‘Conscious capitalist’ puts sustainability to practice

December 8, 2015

Creamy or crunchy, peanut butter is more than just sustenance for University of Wisconsin–Madison senior Alana McKeever.

For the past year, the college staple has represented an opportunity to deploy her passion for sustainability through work at Yumbutter, a Madison-based start-up that specializes in socially and environmentally responsible peanut and nut butters. After graduating this month, McKeever will continue full-time as the company’s marketing coordinator and sustainability guru.

McKeever, an entrepreneurship major in the Wisconsin School of Business, will be the first student to graduate with a Sustainability Certificate from the Nelson Institute for Environmental Studies. The Sustainability Certificate program launched in fall 2014.

As a business student, McKeever understands that companies need to make a profit, but says her certificate studies showed her that sustainability principles – such as respect for people and the planet – can also be good for the bottom line.

“What I like about sustainability is that it combines every aspect of the world and puts it into a system that just makes inherent sense,” McKeever says. “You can’t destroy the planet if you want to create a business that’s going to last. You can’t treat people badly if you want to have a business that functions successfully.”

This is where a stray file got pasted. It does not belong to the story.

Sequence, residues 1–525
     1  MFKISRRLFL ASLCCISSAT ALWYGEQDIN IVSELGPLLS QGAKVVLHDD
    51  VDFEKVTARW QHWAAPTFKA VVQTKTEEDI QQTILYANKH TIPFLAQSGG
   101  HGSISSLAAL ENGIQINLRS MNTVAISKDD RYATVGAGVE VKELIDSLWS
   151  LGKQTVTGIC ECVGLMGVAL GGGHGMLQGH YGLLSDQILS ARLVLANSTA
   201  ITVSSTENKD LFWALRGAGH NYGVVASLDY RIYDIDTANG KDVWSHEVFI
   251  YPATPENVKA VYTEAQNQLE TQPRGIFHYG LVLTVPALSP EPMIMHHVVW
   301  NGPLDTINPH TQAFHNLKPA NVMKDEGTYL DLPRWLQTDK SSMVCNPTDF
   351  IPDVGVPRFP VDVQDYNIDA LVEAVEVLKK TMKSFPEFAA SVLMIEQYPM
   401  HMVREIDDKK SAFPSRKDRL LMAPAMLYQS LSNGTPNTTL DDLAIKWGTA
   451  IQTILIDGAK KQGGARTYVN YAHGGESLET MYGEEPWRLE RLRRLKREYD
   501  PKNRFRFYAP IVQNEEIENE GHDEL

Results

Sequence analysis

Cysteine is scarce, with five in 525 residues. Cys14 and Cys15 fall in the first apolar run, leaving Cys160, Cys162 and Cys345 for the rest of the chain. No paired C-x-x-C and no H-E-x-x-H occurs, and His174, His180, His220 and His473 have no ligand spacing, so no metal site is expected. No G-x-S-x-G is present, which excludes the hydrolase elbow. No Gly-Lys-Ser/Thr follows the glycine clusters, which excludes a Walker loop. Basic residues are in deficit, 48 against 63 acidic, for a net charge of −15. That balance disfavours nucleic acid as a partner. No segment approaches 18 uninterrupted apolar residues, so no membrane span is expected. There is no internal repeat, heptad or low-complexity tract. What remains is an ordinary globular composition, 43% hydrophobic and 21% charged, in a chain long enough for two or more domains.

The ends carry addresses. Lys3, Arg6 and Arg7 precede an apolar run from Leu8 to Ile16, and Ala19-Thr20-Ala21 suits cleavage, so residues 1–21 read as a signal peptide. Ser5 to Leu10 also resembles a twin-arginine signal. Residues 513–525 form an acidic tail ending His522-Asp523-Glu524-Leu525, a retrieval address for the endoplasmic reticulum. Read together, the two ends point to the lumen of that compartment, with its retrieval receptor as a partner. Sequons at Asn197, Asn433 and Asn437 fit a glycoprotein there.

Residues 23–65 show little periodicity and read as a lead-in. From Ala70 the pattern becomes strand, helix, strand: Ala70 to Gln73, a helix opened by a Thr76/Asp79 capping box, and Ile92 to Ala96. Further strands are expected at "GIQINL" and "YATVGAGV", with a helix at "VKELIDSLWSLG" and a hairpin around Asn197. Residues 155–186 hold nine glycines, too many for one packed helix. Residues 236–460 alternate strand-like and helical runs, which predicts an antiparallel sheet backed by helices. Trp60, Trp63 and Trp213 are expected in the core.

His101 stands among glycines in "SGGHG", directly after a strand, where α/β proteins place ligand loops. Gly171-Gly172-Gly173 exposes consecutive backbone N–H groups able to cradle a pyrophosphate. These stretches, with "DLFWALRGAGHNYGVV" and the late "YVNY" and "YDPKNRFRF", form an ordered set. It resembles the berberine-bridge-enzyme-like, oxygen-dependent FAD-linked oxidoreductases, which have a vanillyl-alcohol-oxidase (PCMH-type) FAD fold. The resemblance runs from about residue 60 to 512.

“What I like about sustainability
is that it combines every aspect
of the world and puts it into a
system that just makes inherent
sense. You can’t destroy the
planet if you want to create
a business that’s going to last."

For example, McKeever says businesses can save money by making their operations more energy efficient and increase productivity by investing in the health and wellbeing of their employees.

At Yumbutter, McKeever has drawn on her sustainability education to document the company’s sustainability efforts and complete its certification as a benefit corporation, which is an organization that prioritizes social and environmental impact as well as profit. Yumbutter incorporates sustainability into the sourcing, packaging, and distribution of its products and, for every jar or pouch of nut butter sold, donates a percentage of the sale to feeding malnourished children and their mothers in Guatemala.

“My favorite tools I learned from the Sustainability Certificate are the tools to make businesses push customers to make more responsible choices,” McKeever says, “because I don’t know if customers would make that choice unless they were led.”

She also cites the nut butter company as a good example of a sustainable business succeeding in the marketplace. Their products should be available in Target stores nationwide and Whole Foods regionally in April.

“This is a great opportunity for businesses to see a company that’s doing well for itself while also doing so much good for other people,” McKeever says.

McKeever says she is drawn to sustainability because it’s applicable to all disciplines, but she’s found her niche in business.

“I’m a capitalist, who is a conscious capitalist,” McKeever says. “If you can prove to [business people] that you can make money helping the environment and you can make money helping people, that’s the way to save the world.”

This story was originally published by the UW-Madison Office of Sustainability

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